Día de Los Muertos – Day of The Dead

Oct 7, 2015 by Rosarie Salerno

Dia_de_muertos_AltarIt may sound morbid to the non-Mexican, but the Day of the Dead is a Mexican festival for relatives and friends to come together and celebrate the memory of their loved ones who have passed away. It is believed that on the Day of the Dead, it is easier for the soul of the departed to visit with the living. The family usually gathers at the cemetery to clean, paint, make repairs, if necessary, and decorate the graves. Marigolds and red cockscomb flowers are placed lovingly along with the deceased’s favorite foods and beverages, even tequila, at the grave. The flowers are thought to attract the souls of the dead to the offerings. It is believed that the spirits of the dead eat the “spiritual essence” of the food. Photographs of the deceased, candles, water for them to drink, and a blanket so they can comfortably rest after their long journey are just some of the things that might be left for them.

Sometimes the family will leave toys for their dead children, the Los Angelitos or the Little Angels. It’s not unusual for the whole family, including the children, to have a barbeque or a party accompanied with live music at the site. Some people will spend all night visiting in the cemetery with the departed souls. The intent of the living is to encourage visits by the souls, so that the spirits will hear the prayers and the comments being directed to them.

Dia de Los Muertos coincides with the Catholic holy days of All Saints Day and All Souls Day, November 1st and 2nd respectively. It is believed that at 12 am, midnight of November 1st, the gates of heaven are opened and the souls of the dead are free to return to earth. On the 1st the Saints and the infants and innocent children come back; then on the 2nd all the other Souls are permitted to visit. Even though the Day of the Dead is celebrated on the Catholic holy days it is more of a cultural holiday than a religious one.

Honoring the dead is an ancient festival that goes back 2,500 to 3,000 years ago. It was practiced by the Olmec, Mayan, Aztec and other indigenous people of Mexico. In the Aztec tradition the festival was dedicated to the goddess, Mictecacihuatl, the Queen of Mictlan, the underworld, where she and her husband, Mictlantecuhtli, rule the afterlife. She is now called Catrina, the Lady of the Dead. Her role then and now is to keep watch over the bones of the dead. The original Aztec festival was sometime around the beginning of August and celebrated for an entire month. Since the introduction of Catholicism the holidays have been combined and are celebrated together.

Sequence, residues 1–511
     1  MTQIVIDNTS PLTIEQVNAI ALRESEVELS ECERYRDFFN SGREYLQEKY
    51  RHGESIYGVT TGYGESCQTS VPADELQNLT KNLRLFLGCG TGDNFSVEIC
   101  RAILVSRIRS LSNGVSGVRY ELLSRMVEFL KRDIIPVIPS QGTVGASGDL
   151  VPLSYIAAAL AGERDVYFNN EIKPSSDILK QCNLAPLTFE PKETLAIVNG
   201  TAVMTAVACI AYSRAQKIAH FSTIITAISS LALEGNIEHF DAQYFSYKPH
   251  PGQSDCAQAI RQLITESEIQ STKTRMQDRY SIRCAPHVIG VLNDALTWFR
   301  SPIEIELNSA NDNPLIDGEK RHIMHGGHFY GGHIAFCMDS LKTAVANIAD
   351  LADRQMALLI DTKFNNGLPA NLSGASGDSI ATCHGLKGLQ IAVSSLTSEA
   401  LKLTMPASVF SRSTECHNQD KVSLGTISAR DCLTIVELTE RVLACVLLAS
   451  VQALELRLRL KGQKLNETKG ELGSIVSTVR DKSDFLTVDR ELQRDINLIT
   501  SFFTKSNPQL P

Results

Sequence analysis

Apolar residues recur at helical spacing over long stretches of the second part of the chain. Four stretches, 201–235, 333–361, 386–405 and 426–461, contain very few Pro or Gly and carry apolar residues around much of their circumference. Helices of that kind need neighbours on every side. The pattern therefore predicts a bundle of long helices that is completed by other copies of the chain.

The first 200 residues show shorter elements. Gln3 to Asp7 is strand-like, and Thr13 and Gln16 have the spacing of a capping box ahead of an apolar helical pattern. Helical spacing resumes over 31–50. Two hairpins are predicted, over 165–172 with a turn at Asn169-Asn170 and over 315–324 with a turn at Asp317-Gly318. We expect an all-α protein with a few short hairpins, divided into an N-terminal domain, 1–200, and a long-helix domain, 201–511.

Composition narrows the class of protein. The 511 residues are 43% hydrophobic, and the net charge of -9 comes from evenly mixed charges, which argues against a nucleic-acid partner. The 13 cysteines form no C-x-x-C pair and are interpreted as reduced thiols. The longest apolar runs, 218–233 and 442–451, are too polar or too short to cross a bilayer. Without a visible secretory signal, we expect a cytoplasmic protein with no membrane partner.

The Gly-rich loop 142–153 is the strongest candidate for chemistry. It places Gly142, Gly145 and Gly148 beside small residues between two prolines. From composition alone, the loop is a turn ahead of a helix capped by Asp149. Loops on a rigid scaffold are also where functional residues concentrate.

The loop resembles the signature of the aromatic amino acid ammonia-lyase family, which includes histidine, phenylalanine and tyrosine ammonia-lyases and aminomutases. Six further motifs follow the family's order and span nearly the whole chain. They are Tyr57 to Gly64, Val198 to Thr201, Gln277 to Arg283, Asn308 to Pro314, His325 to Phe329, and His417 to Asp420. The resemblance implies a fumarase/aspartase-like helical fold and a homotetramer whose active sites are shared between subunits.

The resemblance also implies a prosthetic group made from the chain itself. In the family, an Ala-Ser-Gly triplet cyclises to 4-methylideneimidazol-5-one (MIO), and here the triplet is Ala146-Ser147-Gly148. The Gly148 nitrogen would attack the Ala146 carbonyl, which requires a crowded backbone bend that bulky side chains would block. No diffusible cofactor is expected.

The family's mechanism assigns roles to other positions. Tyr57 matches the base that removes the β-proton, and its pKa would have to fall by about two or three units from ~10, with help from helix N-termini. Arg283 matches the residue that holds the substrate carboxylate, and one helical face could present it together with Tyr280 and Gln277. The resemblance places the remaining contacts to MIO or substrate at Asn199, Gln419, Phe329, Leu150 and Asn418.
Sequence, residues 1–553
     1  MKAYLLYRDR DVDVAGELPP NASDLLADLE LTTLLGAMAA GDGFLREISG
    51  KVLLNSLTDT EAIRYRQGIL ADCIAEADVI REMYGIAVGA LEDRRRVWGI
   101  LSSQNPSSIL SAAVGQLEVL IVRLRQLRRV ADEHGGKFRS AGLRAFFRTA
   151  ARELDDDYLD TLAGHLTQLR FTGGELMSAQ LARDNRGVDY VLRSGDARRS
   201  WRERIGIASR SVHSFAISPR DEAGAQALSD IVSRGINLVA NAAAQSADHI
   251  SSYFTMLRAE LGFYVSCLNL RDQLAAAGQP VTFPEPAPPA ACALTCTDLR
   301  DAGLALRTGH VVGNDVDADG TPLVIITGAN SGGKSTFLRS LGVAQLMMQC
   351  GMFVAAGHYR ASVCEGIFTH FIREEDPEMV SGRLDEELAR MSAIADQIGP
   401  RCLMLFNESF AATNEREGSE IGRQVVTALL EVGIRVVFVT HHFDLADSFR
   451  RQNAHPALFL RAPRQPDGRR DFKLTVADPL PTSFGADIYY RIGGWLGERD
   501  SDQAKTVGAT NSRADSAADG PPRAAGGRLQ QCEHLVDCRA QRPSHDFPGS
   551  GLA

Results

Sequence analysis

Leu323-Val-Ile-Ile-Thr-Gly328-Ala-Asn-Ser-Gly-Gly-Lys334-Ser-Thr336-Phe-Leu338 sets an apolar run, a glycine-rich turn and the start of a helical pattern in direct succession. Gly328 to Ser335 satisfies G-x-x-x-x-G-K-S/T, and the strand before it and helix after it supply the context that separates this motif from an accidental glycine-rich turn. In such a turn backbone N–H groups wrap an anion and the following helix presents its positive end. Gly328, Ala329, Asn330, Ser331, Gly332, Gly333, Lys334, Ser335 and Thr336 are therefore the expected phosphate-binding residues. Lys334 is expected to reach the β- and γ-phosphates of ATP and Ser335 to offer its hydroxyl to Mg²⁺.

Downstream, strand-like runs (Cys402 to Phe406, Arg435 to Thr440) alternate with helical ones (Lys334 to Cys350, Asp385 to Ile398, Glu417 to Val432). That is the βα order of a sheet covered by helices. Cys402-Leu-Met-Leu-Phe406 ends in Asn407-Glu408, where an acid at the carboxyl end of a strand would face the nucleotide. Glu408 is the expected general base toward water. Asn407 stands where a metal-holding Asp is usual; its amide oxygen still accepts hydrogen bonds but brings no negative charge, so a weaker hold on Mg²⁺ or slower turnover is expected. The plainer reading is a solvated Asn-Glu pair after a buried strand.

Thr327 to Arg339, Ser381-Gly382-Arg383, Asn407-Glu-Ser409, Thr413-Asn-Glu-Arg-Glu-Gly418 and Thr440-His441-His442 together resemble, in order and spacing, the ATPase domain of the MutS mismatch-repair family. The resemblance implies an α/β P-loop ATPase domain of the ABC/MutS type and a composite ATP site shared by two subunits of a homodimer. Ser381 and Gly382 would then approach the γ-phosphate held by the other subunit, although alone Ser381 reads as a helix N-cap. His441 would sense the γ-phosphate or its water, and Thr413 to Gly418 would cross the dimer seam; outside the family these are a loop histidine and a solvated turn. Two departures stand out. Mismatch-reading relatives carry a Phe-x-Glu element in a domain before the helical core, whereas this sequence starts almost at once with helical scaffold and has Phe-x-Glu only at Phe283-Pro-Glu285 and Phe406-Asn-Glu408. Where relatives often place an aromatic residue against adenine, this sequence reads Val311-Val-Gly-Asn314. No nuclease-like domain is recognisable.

Besides the food and music, some families display photos and other decorations of skeleton art and trinkets. During this time of the year the markets carry sugared skulls which can be decorated with Royal sugar icing, the type used for gingerbread houses. Sugar Art was brought to the new world by the Italian missionaries in the 17th century. The indigenous people learned quickly how to use it for their festivals. The skull represents the deceased loved one and their name may be placed on the forehead along with other facial features and colorful adornments. If you wish to see some examples of decorated skulls you can see them at www.mexicansugarskull.com. Also, during this time there is a delicious baked item called Pan de Muerto, Bread of the Dead. The sugared skulls and the bread are only available for this seasonal festival. I encourage you to take a trip to the local supermarket and investigate these items, if you are in Mexico around the end of October.

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